Linked by Thom Holwerda on Tue 16th Jan 2007 00:03 UTC, submitted by Görkem Çetin
Linux "With thousands of packages to maintain, most important part of any distribution is indeed its package management system. PiSi is the package manager of Pardus, written from scratch in Python. By writing another package manager, our purpose was not to reinvent the wheel but to create a new kind of wheel that takes distinctive ideas from existing ones with also easy integration and maintanence in mind."
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nice
by necrosis on Tue 16th Jan 2007 00:47 UTC
necrosis
Member since:
2006-01-18

Their package looks quite impressive, although the number of packages may be restrictive.

I've been looking for a good source based (or rather source enabled) distro for a while, might give this one a try...

Reply Score: 2

Conary?
by John Nilsson on Tue 16th Jan 2007 01:09 UTC
John Nilsson
Member since:
2005-07-06

So the articel mentions RPM, DPKG and Portage. What about Conary?

Reply Score: 2

?
by tehehe on Tue 16th Jan 2007 10:48 UTC
tehehe
Member since:
2006-12-16

So basically it is like simplified Gentoo without many of its features. Right?

Reply Score: 1

RE: ?
by B. Janssen on Tue 16th Jan 2007 11:01 UTC in reply to "?"
B. Janssen Member since:
2006-10-11

If being used by trolls is a feature of Gentoo, than yes, Pardus is missing that (for now).

Reply Score: 4

RE: ?
by devnet on Tue 16th Jan 2007 18:55 UTC in reply to "?"
devnet Member since:
2007-01-16

Nope.

Reply Score: 1

Another promising GNU/Linux distribution
by B. Janssen on Tue 16th Jan 2007 10:57 UTC
B. Janssen
Member since:
2006-10-11

Pardus has become another promising GNU/Linux desktop distribution that fortunatly gets a lot of attention lately. Very good.

What i like about Pardus is the fact that they actually try to improve a lot of things, make stuff easier or improve usability, and not just present another combination of well known tools. Besides the package manager discussed here they work on the init system (Murdur), an application ability hub (Comar), an easy installer (Yali) and finally a much more straight-forward KDE control center.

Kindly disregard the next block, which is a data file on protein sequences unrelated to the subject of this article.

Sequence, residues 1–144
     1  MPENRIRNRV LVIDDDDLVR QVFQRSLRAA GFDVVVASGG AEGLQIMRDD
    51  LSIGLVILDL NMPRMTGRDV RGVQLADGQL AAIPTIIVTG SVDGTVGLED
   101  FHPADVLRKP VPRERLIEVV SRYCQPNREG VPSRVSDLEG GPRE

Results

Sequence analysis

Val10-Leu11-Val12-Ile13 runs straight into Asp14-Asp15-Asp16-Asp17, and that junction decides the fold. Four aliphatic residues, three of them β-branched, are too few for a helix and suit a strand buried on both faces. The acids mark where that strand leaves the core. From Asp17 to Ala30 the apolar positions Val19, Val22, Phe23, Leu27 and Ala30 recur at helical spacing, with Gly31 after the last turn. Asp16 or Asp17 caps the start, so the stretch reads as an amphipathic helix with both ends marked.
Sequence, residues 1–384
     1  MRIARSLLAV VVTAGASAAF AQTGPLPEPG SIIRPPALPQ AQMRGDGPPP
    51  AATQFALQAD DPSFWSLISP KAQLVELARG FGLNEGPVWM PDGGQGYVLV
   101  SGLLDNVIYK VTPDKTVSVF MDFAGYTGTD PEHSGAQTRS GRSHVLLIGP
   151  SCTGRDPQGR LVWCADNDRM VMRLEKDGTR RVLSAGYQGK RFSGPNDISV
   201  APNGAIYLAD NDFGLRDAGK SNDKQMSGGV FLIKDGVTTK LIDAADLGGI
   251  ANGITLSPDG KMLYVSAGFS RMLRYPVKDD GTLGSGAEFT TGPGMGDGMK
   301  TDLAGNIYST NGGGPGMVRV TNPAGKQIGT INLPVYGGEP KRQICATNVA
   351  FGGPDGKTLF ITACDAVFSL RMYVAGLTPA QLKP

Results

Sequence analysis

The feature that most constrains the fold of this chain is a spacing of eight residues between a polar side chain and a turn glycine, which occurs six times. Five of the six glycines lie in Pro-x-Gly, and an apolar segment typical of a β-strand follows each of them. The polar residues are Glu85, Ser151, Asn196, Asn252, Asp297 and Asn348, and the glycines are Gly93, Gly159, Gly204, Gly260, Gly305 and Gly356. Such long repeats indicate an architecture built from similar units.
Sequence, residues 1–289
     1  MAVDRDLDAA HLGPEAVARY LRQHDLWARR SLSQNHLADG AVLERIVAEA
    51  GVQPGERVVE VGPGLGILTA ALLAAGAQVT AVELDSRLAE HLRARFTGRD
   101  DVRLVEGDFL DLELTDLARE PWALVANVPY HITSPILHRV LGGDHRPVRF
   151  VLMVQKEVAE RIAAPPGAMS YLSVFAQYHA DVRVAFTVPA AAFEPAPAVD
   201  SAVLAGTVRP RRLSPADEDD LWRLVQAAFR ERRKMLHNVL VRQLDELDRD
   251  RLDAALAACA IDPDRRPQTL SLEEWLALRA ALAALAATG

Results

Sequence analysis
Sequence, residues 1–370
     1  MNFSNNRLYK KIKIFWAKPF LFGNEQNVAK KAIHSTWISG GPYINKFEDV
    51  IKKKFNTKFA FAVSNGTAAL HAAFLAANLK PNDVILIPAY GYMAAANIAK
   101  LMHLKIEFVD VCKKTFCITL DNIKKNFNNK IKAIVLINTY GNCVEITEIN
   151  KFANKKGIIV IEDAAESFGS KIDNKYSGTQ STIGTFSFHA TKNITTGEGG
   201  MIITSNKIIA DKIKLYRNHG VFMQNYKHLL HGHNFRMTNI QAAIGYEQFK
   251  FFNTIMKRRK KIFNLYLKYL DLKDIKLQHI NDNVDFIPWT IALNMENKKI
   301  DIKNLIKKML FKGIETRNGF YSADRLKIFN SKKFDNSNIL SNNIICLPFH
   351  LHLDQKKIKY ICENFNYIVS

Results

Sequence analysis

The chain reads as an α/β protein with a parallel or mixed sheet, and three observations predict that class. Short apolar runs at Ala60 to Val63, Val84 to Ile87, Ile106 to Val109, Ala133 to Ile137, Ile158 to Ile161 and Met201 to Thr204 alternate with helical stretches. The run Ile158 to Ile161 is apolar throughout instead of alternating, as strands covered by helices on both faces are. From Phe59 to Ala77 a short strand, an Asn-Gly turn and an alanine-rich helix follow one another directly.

I tested it a while ago (1.0 times) and i guess it got much better. It can't compete eye-to-eye with more established distributions yet, but if they keep up the good work, i don't doubt that Pardus will carve its place.

Reply Score: 1

Can I install packages offline?
by Joe User on Tue 16th Jan 2007 12:28 UTC
Joe User
Member since:
2005-06-29

Is it necessary to be online to install applications? In other words, can I just copy a package onto my USB flash key and install it on my friend's computer that doesn't have connecivity with the Internet? Doesn't include dependencies? Or do I have to carry all dependencies on my USB flash drive as well?

Reply Score: 1

RE: Can I install packages offline?
by gorkem on Tue 16th Jan 2007 12:40 UTC in reply to "Can I install packages offline?"
gorkem Member since:
2007-01-16

Sure, just double click on the package and package manager will install it for you.

If a package has a dependency, then you need to carry it with the USB stick and install accordingly. Package manager will definitely warn you if there's an unmet dependency.

Reply Score: 2

Joe User Member since:
2005-06-29

This sounds good. Is there a way to tell Pardus "Hey, I want to grab a package with all its dependencies"?

Reply Score: 1

SilentStorm Member since:
2006-09-22

on command line why don't you try "pisi it <package-name>"
OTOH user-space GUI installation tool automatically handles dependencies

edit: added OTOH sentence.

Edited 2007-01-16 14:20

Reply Score: 2

emturan Member since:
2007-01-16

you can use "pisi info package_name" on command prompt. it will show the dependencies.

Reply Score: 1